Take a look at the PG editors' top picks from Day 2 of NAMM.
PG editors pick their top gear from the first day of NAMM. See everything from day 2 in our photo gallery.
Jim Dunlop Guitar Products MXR came to NAMM with the brand-new Reverb pedal in tow. It delivers six distinct reverb styles from plate to spring to mod, all from a standard-sized MXR box with a simple 3-knob setup and a hi-fi analog dry path. Other features of the Reverb include a 100 percent wet mode, stereo input and output capability, and true relay or trails bypass.
Cole Clark CCFL2EC-RDBL-AE
Cole Clark Guitars brought along a gorgeous new addition to their Fat Lady series with the CCFL2EC-RDBL-AE. This dread is built from 100 percent sustainable timber: Queensland maple for the neck, Australian blackwood for the back and sides, and Australian redwood for the top. Cole Clark's 3-way pickup system comes standard.
Yamaha Guitars debuted their first new solidbody design in 10 years with the Revstar series of guitars at NAMM. Inspired by vintage cafe-racer motorcycles and Japanese craft, the new Revstar models boast distinctive colors and a variety of handwound pickup options. Each model features a deep belly cut, hidden forearm contour, and a newly designed neck joint for playing comfort. And the available hardware appointments from unique pickup covers to raw-copper pickguards to custom floating aluminum tailpieces make these new instruments true head turners.
The Loar LH-1280-CBK
Oh my. The Loar was in town with this black beauty LH-1280-CBK archtop. It's a fully hollow axe that boasts maple for the top, back, and sides, and is outfitted with Seymour Duncan Seth Lovers and CTS pots for classic PAF sound delivery.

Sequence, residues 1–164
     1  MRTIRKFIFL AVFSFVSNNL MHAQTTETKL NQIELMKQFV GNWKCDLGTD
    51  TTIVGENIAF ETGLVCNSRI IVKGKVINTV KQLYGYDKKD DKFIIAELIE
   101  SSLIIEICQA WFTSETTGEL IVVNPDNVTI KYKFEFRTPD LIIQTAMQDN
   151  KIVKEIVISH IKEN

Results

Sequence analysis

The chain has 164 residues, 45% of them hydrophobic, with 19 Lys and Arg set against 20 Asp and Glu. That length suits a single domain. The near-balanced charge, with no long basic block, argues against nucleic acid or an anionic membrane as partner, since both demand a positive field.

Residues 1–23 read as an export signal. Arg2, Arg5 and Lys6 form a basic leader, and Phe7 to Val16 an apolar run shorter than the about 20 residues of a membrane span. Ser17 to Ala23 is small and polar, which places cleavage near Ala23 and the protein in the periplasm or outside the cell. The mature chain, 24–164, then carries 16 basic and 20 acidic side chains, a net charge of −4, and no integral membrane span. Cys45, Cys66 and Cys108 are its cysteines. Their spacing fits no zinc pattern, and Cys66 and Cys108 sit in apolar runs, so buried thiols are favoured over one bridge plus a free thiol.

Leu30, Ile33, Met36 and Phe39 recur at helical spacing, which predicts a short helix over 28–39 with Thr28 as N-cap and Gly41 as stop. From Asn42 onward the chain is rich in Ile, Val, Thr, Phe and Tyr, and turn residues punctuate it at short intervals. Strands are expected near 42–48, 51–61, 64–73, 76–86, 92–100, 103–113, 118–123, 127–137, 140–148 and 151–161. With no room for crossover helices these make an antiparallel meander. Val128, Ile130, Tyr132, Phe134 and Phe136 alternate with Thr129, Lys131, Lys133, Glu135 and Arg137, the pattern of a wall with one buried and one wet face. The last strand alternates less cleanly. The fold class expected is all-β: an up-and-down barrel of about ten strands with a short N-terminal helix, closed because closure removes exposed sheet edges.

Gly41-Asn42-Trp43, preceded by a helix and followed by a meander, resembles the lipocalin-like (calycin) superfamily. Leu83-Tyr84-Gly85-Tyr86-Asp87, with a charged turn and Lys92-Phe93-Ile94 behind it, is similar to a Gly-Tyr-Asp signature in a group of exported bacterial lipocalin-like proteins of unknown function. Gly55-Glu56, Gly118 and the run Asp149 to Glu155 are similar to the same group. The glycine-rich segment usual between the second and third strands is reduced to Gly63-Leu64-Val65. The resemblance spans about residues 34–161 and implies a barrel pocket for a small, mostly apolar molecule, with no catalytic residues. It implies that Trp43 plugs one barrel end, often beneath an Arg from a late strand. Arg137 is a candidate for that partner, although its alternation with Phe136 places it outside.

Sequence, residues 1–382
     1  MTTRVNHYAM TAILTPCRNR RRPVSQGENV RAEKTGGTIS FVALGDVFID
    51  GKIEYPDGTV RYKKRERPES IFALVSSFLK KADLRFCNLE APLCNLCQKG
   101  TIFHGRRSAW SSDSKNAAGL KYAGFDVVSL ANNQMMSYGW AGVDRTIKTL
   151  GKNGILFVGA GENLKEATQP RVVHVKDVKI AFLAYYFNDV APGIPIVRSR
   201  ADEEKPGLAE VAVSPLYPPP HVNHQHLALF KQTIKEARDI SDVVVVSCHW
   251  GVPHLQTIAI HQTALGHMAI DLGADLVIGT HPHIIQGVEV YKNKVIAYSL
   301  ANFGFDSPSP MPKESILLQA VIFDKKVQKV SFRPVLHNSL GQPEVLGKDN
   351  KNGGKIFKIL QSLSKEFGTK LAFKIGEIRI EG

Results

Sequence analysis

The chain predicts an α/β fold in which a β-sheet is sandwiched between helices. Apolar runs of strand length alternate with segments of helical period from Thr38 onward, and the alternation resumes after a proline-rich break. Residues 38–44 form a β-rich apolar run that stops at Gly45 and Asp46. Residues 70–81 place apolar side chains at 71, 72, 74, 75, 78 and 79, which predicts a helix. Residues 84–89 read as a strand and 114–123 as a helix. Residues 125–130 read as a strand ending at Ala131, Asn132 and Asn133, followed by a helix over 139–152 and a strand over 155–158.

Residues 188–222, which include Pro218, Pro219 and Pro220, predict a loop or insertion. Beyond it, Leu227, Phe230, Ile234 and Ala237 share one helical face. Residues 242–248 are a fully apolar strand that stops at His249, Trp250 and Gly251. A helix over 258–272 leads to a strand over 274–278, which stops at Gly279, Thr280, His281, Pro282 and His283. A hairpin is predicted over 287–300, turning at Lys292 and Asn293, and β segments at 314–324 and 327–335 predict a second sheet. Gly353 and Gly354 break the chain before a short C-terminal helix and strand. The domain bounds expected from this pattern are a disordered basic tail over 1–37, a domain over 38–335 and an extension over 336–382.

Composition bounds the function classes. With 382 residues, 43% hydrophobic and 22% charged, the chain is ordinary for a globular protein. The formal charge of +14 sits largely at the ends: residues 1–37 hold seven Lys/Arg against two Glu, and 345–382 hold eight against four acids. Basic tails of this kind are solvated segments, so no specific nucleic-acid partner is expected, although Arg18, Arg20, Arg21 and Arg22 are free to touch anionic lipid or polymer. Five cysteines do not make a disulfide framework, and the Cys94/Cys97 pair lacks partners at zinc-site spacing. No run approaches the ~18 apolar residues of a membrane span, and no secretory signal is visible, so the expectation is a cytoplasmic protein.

Guild Guitars will officially resurrect the S-200 "T-bird" this year. Though then-Guild subsidiary DeArmond did a version back in the '90s, this prototype is the first Guild-branded version of the solidbody since the '60s and comes complete with slider switches and Hagstrom-style trem just like the original. Looks like a very nice MAP too--right around $799.
Stone Deaf SD 50
Manchester's Stone Deaf Effects have been impressing us for years with their stomp boxes (and they brought a few new ones to NAMM.) But their line of new amps, which includes the SD50, are super intriguing and sound really cool. The digitally controlled 6L6-powered unit enables programming of up to 32 control presets. Look for it in May at a street price around $1,750.
Walrus Julia and Contraband
Walrus Audio 's prodigious output continues to impress. These two new pedals, the Julia chorus/vibrato is fat, lush, and warblingly rich--better still it's got a chorus/vibe blend control that helps you dial in very specific modulation shades. It'll be about 200 bucks. The Contraband is as simple as they come...a one-knob silicon fuzz and a fat/thin switch that transforms the fuzz from merely searing to face ripping. Nice work as always Walrus!
Mojo Hand FX M3 Wonder Filter
Mojo Hand FX, which is now run by Cusack Music's John Cusack, brought the M3 Wonder Filter to NAMM. It's a pretty great-sounding take on the Mu-Tron that packs a lot of versatility into a much smaller enclosure.
WMD ProtoStar, Geiger Counter Pro, and Goldilocks Planet
WMD brought three super-cool new stomps to NAMM. The ProtoStar (top left) combines powerful filter sounds (four modes) with modular-synth-like 9mm-jack routing options that exponentially expand the possibilities. The Geiger Counter Pro fuzz (top right) features 16 footswitchable presets, assignable CV inputs, MIDI control, and a randomizer—and, despite appearances, we're assured it's simpler to operate than previous Geigers. Meanwhile, the Goldilocks Planet is a straightforward distortion with three diode-clipping modes.